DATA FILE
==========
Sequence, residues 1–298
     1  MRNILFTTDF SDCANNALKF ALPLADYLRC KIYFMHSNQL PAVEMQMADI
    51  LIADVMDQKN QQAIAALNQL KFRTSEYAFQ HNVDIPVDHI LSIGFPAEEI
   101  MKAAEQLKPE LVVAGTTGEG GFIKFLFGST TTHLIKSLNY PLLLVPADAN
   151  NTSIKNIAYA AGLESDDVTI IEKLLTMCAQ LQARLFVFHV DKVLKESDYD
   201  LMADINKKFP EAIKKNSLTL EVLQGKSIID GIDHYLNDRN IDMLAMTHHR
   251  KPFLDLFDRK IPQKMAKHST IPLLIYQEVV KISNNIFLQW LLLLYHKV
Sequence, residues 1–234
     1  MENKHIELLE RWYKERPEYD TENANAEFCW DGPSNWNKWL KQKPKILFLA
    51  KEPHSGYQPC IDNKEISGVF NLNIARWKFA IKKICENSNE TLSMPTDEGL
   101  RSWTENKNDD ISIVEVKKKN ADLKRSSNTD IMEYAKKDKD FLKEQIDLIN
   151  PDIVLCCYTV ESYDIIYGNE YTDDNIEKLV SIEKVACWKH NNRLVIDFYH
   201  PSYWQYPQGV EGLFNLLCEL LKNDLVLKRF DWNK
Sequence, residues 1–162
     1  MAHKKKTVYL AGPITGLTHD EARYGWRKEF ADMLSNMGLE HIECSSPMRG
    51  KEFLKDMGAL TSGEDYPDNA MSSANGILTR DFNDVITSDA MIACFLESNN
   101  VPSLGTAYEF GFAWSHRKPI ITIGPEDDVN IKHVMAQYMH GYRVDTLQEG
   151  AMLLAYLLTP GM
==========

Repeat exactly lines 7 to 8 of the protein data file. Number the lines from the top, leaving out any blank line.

   251  KPFLDLFDRK IPQKMAKHST IPLLIYQEVV KISNNIFLQW LLLLYHKV
Sequence, residues 1–234